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Thursday, May 5, 2016

Holt: politics is mission

Thursday, October 19, 2006

Lieutenant governor hopeful Jim Holt said the Lord brought him into politics.

"We asked the Lord to send us to the hardest mission field. Maybe he did," said the preacher-turned-politician.

In August 1999, Holt, who was ordained a minister in 1996 by the Southern Baptist Church, and his family were packing for a missionary trip to Russia. While he was packing, his mother called, something she typically didn't do.

"She said we couldn't go to Russia. She said God told her he wanted me to run for office," he said.

Holt, a military man, followed the advice and ran for the Arkansas House of Representatives for District 5. He won the seat in the 2000 election.

In 2002 he was elected to the Arkansas Senate for District 35, a capacity he still serves in today.

"From the House to the Senate our message hasn't changed," he said. "It's about giving the government back to the people. We need people in office not to let the government grow. I also want to get us out of the 49ers complex. Arkansas is ranked 49th in about everything."

Holt said he hopes to continue to work toward his goal by attaining another position, that of lieutenant governor. Holt announced his candidacy March 12, three days after he and his wife and eight (now nine) children made the decision.

"We need to change the way the game is played," Holt said. "That's what we've been doing now for six years. I just try to stick up for what is just and fair."

Holt, a Republican, said Republicans and Democrats need to set aside their party affiliations and work together for a better Arkansas.

"People say they vote Democrat because they are typically for the average Joe. Our whole platform is for the working guy," Holt said. "There are some Republicans I wouldn't vote for and there are some Democrats I do vote for."

Holt said the purpose of political parties is to simply win elections.

"We won't cave to party pressure or special interest pressure," he said. "I think that means a lot to people knowing how to vote."

Holt said the state has too many programs and taxes.

Arkansas has the fourth highest tax burden in the nation, Holt said. Arkansas also has the number one sales tax in the nation at 11.5 percent, he said. In addition, approximately 50 to 60 percent of the average employee's salary goes toward taxes, he said.

"I want to help the poor, and the best way is to get the government off their back," Holt said. "We're losing the ability to decide what we want to do in our lives when we approve taxes."

That is the primary reason Holt supports the removal of the tax on food and prescription drugs.

He said the current welfare program actually prohibits some Arkansas residents from obtaining and maintaining a job.

"We're keeping people in slavery (with low wages). They have to make ends meet," Holt said. "Then if they make too much (while on welfare) they can't continue with assistance so they quit their jobs. Then they come to think those checks are an entitlement."

"We wonder why we don't have higher paying jobs," he said. "I know that the people here need better jobs, jobs they can make a career out of."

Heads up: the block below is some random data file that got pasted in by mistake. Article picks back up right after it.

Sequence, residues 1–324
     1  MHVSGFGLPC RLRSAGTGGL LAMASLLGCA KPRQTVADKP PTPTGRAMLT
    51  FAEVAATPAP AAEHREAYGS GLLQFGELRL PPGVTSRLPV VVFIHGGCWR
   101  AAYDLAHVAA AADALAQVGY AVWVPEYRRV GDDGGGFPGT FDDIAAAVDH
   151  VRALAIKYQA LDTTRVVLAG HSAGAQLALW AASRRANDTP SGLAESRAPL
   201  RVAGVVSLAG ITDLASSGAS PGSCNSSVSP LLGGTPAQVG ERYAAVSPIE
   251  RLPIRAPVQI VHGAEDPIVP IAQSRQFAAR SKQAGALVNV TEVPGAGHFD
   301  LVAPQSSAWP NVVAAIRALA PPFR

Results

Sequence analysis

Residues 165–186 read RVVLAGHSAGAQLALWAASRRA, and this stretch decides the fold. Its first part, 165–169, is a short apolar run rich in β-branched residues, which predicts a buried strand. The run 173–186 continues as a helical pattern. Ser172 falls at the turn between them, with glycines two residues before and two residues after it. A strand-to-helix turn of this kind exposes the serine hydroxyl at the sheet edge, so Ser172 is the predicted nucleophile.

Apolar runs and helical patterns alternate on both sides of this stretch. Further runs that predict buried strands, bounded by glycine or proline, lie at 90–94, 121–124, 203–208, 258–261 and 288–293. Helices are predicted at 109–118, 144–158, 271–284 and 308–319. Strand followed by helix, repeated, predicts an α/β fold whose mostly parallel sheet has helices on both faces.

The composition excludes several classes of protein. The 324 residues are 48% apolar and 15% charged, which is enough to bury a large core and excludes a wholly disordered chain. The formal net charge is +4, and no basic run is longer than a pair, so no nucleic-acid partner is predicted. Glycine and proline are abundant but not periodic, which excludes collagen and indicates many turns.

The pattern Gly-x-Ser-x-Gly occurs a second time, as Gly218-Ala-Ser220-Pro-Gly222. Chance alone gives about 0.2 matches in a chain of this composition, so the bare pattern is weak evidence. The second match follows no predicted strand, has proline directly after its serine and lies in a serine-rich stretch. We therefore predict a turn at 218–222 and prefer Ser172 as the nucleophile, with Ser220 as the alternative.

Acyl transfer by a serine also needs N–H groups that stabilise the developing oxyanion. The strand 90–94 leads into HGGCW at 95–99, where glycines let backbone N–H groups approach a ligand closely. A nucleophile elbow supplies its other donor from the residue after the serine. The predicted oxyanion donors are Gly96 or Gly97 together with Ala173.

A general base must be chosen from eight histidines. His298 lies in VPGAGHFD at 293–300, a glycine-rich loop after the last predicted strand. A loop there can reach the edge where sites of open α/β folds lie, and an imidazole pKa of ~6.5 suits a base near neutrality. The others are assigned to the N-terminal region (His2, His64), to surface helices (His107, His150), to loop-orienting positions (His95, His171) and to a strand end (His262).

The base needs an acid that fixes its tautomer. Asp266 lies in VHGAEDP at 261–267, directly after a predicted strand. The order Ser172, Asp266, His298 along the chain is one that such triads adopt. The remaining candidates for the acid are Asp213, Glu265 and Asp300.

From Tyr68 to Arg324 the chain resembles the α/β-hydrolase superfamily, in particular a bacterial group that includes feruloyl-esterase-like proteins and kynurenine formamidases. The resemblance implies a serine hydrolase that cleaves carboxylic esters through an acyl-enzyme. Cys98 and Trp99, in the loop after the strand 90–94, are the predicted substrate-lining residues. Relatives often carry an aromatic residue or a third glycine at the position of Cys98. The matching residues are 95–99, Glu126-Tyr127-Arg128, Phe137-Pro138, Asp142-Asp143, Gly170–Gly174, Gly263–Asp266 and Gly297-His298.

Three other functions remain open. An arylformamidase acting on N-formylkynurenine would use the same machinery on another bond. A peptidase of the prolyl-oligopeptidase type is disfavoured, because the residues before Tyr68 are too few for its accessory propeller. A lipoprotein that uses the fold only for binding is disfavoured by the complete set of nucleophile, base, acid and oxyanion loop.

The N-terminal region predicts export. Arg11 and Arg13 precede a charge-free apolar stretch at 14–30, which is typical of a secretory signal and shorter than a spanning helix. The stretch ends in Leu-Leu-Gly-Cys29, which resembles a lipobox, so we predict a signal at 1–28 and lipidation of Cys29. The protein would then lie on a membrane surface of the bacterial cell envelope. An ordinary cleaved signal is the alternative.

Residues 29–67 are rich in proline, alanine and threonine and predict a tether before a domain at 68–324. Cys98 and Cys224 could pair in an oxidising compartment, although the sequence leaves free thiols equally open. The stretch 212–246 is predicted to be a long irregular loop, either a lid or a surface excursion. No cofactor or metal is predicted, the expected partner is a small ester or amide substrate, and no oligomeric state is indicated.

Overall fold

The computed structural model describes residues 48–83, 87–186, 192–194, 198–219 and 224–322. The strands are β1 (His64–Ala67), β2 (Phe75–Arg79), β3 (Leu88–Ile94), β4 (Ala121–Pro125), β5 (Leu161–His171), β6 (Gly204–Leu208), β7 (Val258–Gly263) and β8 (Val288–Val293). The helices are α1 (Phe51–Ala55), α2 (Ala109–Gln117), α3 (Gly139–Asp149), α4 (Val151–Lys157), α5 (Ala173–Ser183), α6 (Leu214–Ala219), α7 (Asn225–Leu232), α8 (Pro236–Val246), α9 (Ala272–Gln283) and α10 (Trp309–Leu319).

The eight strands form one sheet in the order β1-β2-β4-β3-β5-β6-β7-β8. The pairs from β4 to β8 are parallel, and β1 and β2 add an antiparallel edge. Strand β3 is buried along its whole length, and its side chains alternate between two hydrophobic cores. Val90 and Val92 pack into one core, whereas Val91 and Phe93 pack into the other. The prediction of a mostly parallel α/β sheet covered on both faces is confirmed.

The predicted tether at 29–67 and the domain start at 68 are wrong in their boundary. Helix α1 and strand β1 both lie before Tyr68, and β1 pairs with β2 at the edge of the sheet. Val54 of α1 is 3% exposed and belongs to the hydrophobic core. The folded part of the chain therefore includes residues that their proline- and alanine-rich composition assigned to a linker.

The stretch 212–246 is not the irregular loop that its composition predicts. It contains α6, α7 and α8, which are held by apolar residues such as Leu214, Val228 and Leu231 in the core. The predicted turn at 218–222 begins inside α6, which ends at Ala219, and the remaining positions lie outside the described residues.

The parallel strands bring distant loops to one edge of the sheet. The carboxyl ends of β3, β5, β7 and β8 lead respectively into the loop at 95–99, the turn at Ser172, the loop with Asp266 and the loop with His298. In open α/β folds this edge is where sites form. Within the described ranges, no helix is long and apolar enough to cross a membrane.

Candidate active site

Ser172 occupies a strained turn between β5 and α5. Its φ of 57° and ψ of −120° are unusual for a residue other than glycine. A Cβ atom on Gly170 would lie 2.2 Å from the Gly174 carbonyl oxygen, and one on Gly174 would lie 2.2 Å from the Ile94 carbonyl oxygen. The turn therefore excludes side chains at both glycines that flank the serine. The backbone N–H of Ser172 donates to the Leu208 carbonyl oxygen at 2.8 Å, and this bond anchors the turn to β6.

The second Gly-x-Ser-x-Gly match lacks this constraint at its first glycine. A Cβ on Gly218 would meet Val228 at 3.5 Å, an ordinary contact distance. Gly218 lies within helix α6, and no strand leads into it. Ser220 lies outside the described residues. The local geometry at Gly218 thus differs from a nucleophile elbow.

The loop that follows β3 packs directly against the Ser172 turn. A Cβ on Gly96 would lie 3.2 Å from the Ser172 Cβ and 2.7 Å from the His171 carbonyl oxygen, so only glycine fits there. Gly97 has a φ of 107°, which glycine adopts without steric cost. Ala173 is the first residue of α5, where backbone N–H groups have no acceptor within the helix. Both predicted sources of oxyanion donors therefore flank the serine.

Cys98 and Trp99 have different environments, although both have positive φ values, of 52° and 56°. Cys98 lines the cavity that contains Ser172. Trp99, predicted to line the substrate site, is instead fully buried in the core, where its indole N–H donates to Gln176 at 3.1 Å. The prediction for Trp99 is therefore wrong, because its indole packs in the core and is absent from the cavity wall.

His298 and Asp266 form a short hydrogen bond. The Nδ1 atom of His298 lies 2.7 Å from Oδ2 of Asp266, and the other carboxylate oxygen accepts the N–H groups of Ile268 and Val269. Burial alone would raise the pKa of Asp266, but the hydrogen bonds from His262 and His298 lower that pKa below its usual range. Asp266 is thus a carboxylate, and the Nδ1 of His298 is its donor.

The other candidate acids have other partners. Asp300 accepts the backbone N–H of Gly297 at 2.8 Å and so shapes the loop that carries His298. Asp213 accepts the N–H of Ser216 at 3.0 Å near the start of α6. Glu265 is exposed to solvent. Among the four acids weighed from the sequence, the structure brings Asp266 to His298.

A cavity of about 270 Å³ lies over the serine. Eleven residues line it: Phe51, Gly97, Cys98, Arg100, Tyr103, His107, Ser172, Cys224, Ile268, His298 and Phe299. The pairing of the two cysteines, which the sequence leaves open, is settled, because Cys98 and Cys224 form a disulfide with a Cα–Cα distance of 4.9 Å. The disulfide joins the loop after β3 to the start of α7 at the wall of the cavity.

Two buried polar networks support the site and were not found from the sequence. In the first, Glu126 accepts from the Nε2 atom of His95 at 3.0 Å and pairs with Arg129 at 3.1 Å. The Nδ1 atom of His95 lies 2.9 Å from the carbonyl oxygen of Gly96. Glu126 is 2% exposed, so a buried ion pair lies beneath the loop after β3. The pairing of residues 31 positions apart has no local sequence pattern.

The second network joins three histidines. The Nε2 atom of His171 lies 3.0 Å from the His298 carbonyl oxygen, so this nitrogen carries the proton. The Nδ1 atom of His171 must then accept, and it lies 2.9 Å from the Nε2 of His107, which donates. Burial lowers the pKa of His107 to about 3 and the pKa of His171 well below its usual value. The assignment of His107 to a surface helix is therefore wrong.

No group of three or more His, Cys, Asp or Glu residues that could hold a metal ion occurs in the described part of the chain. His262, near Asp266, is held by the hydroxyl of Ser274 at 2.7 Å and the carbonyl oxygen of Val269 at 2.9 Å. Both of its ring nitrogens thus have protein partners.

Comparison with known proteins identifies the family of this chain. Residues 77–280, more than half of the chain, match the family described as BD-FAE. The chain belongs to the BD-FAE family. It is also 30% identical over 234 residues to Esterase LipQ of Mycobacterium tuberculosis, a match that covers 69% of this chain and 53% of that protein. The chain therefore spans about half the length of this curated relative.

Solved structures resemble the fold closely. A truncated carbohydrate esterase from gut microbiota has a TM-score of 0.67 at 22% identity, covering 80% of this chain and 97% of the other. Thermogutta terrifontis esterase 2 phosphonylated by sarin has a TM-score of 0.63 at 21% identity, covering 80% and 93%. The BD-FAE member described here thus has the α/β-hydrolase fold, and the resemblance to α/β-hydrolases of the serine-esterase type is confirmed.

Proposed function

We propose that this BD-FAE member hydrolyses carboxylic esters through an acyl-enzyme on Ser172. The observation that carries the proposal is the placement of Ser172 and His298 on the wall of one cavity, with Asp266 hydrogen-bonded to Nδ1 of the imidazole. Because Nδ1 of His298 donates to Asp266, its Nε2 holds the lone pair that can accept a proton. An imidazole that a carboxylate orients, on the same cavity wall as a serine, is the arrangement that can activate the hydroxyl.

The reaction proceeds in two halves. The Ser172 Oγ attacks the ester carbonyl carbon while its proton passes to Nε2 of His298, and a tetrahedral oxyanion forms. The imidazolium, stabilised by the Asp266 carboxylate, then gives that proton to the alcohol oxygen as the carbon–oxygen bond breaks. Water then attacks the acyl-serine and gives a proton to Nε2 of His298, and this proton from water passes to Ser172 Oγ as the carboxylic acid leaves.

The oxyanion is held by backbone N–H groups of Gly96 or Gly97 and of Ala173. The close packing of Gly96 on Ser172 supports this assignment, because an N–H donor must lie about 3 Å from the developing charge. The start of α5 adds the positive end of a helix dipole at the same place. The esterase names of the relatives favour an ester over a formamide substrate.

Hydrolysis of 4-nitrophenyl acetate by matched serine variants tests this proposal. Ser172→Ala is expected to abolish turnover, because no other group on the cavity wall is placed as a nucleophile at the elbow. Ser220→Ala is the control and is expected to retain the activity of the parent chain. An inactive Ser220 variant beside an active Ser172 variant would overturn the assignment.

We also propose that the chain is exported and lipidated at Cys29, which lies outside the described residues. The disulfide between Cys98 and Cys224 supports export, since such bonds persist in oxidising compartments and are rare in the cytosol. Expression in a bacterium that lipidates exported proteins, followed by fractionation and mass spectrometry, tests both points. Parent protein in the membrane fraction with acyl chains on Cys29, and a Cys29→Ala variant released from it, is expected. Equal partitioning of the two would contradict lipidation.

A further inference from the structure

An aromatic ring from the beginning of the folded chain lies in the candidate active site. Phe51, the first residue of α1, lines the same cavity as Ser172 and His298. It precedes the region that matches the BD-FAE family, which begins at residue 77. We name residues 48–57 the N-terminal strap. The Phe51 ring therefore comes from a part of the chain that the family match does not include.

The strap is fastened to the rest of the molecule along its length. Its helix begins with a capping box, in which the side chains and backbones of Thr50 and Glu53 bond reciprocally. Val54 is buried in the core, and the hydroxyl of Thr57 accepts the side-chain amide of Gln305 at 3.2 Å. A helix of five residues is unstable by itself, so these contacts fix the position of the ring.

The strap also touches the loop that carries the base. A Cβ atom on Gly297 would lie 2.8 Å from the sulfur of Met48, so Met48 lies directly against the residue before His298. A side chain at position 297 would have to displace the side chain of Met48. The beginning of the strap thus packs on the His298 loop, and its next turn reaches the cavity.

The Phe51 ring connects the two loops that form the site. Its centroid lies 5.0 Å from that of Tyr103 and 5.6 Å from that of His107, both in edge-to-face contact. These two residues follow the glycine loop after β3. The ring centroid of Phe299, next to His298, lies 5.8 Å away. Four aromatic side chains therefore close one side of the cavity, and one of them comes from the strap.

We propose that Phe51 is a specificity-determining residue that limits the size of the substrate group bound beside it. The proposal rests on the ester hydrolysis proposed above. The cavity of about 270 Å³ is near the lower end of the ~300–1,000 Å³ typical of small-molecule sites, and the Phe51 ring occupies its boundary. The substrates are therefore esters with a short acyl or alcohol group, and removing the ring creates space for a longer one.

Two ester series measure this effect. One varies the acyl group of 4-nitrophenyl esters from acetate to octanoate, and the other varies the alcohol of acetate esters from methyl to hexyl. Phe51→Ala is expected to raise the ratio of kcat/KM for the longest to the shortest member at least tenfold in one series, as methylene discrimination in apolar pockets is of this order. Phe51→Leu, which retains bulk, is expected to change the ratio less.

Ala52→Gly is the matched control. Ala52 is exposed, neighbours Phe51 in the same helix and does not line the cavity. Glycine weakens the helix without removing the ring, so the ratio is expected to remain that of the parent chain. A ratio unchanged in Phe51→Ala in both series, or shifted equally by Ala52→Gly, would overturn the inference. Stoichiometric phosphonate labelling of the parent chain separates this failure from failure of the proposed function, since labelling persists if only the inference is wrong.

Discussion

Holt said he is the only Republican to work against school consolidation and was the only Republican against the No Child Left Behind Act.

"It's not right that the big government should be able to come in and shut down a local school," he said. "Democrats are some of our strongest supporters. I think if you want to fix education ask the teachers and the community."

Holt said he voted against pay raises for rural teachers because it should not be up to the state to dictate what local districts do.

"We have to get back where we trust the teacher," he said.

Holt's children, ages 5 months to 18 years, are homeschooled. He and his wife, Bobye, decided on the alternative education route when their oldest child was 5 years old.

The Holts lived in Maryland and an eighth grade student was murdered for his shoes near their home. The couple began researching options and found homeschooling might be a good fit. Homeschooling allows the children to accompany dad on his campaign tour and to keep the family together, Holt said.

Holt said he is proud he voted against a scholarship for illegal aliens. He said the reason he didn't vote for the scholarship is simply because of service -- a male American teen who attends college could be drafted in time of war but an illegal citizen would not. Also a company could not hire an illegal immigrant once his schooling is completed because it is unlawful to employ an illegal immigrant.

"Charity begins at home," Holt said. "We want to give that American dream for every American citizen, but we want to do it the legal way."

The scholarship made its way through the House with a 63-31 vote. The Senate killed it with a 16-18 vote. Holt has endorsements from many groups including five or six immigration reform groups, he said.

Holt joined the military in 1987. He served in the Army Joint Intelligence Operations at the National Security Agency under Ronald Reagan, George Bush and Bill Clinton. He served as watch officer, senior team manager, analyst and linguist. He was involved in classified operations during the Cold War, Operation Desert Storm and other military actions.

He said he was raised to be honest with oneself and others. At a young age he wanted to be an athlete or an astronaut. His eyes were too bad to be an astronaut and he wasn't always the best athlete so he decided on a new career in the military.

Holt said he doesn't receive large contributions from big corporations.

Holt was born in Camden and raised in northwest Arkansas.



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